Del. Ken Plum, D-Fairfax, recently renewed his call on Virginia to invest more money in preschool education.
During a cable television discussion in Reston, Plum said, "We’ve got 40 years of study now that show that, with a good preschool start, you’re less likely to be on public dole. You’re less likely to be in prison. You’re much more likely to be a good productive citizen.That money spent up front saves money in the long haul."
The value of a preschool education is a hot topic among early childhood education experts, gaining steam in 2013 when President Barack Obama proposed expanding publicly funded programs to include all 4-year-olds who come from low and moderate-income families. Much of the research has focused on whether preschool provides lasting gains in the thinking and social skills of low-income children.
Plum’s statement focuses on a narrower area of study -- whether participation in a quality preschool program lowers the likelihood that a person will wind up in prison or on welfare. We examined Plum’s assertion that it does.
State and federal preschool programs provide instruction for more than 2 million children aged 3 and 4 nationwide, according to the National Institute for Early Education Research at Rutgers University. The federal Head Start program is only available to children living below the poverty line. Most states, including Virginia, fund programs for children from low-income homes with earnings above the poverty line.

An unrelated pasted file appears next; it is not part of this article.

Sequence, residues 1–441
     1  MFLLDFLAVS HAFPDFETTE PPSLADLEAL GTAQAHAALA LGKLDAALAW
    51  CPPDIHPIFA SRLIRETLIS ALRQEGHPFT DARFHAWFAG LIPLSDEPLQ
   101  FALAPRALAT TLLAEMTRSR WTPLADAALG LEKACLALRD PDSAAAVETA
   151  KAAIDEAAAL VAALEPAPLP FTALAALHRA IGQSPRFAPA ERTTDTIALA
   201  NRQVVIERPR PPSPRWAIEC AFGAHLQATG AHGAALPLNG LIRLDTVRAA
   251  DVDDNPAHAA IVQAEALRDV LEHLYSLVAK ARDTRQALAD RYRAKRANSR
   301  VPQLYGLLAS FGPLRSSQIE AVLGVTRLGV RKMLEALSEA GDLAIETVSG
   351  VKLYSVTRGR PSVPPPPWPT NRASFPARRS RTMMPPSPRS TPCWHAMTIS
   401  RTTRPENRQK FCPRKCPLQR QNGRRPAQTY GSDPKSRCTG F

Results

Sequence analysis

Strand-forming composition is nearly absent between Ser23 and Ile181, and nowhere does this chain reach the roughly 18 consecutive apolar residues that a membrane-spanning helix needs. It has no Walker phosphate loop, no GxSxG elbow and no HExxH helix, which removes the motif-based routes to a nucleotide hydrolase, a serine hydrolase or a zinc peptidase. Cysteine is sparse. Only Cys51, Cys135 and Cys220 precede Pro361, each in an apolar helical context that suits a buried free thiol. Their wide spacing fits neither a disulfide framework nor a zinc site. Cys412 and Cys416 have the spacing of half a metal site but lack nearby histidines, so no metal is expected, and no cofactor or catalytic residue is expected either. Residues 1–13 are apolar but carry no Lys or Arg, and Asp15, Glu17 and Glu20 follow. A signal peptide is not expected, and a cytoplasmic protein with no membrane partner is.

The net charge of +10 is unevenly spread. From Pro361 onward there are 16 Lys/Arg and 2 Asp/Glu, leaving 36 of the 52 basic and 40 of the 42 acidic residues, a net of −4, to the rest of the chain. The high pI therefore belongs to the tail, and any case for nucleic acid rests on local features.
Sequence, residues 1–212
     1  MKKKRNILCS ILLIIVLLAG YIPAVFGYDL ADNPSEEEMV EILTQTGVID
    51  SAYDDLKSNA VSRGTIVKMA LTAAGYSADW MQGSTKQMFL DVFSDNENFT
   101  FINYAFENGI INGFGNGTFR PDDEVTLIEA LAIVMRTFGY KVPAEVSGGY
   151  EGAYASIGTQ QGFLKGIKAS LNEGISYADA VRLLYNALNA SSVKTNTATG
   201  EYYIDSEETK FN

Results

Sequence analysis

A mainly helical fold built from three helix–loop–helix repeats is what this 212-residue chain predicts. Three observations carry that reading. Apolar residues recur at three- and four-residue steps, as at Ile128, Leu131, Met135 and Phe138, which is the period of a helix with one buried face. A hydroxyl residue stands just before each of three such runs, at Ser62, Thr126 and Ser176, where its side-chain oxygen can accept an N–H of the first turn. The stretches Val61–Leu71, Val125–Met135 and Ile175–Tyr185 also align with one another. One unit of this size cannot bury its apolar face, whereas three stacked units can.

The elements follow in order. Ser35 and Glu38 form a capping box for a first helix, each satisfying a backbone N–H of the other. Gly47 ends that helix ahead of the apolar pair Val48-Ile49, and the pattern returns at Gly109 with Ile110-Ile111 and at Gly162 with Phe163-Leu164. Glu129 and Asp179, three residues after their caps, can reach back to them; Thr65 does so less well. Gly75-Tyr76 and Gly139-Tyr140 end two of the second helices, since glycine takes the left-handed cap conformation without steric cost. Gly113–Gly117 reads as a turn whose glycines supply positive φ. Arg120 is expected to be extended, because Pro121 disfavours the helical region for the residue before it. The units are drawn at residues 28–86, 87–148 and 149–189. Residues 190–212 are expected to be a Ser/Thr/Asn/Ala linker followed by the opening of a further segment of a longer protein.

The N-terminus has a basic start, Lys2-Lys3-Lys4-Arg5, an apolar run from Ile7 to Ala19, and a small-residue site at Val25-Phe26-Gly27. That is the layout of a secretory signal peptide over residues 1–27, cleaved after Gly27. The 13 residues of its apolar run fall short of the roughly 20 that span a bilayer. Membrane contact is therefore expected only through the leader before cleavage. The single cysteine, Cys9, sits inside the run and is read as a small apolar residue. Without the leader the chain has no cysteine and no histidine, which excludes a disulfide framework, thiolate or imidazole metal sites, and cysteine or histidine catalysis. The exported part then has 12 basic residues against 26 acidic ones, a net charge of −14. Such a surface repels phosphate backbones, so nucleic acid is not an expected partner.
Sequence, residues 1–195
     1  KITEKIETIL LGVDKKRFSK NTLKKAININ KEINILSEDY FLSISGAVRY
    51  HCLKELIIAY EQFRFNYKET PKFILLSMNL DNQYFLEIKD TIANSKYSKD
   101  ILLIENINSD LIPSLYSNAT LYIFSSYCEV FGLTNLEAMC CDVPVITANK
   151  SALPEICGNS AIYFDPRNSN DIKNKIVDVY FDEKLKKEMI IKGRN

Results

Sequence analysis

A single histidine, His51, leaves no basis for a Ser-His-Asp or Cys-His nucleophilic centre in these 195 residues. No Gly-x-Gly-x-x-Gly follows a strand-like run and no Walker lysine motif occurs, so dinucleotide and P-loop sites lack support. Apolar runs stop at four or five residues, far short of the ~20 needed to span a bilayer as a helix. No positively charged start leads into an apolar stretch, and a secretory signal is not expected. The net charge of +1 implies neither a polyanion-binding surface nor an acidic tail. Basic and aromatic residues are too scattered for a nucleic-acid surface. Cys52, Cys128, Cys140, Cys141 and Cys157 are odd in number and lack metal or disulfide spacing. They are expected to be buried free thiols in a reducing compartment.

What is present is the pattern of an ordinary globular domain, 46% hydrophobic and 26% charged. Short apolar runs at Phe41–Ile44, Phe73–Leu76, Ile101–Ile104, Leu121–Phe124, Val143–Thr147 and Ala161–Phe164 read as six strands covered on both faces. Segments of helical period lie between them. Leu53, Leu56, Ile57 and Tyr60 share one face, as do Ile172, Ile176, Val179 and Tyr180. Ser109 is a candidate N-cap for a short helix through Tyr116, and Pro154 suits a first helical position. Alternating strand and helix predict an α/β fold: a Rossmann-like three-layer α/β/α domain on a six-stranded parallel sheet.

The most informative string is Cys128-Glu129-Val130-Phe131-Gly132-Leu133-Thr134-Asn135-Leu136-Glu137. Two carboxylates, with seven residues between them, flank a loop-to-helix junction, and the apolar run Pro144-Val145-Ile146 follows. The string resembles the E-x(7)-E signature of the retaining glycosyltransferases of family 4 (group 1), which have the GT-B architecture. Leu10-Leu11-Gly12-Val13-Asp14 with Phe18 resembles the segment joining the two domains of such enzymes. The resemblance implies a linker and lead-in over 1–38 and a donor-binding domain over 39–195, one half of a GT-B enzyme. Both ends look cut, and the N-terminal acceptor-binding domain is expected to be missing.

Plum backed his statement by referring us to a widely cited study that tracks the lives of 123 low-income black children who lived in an elementary school district in Ypsilanti, Mich., in the 1960s.
The children were randomly divided into two groups -- one that attended a high quality preschool program and another group that didn’t enroll in any preschool program. In 2005, the HighScope Educational Research Foundation issued a follow-up report on the students, who had reached age 40.
Researchers concluded that those "who had the preschool program had higher earnings, were more likely to hold a job, had committed fewer crimes and were more likely to have graduated from high school than adults who did not have preschool."
The report found that 28 percent of those who went through the program were sentenced to jail or prison, compared to 52 percent of those who didn’t attend. The study also noted that the students who went through the program had fewer criminal arrests than peers who weren’t enrolled.
The difference was less stark when it came to comparing the use of welfare and other social programs. The study found that 71 percent of the program’s students were on the dole at some point in their adult lives, compared to 86 percent who hadn’t attended preschool. Researchers said the distinction "was not significant."
Another ongoing study of a high quality pre-K program is the Abecedarian Project at the University of North Carolina. It began in the 1970s, tracking 111 low-income black children ranging in age from 0 to 5. The children were split into two groups: those who ultimately attended the preschool program, and those who did not.
In 2012, researchers interviewed members of the sample, who were now 30. They found that those who didn’t attend the program were six times more likely to have received welfare benefits for at least nine months between the ages of 22 and 30.
But unlike the Ypsilanti study, the North Carolina researchers found little difference between the two groups when it came to crime. Among those who didn’t go through the program, 28.6 percent reported having had a criminal conviction by age 30. Of those who did go to preschool, 27.5 percent said they had a criminal conviction.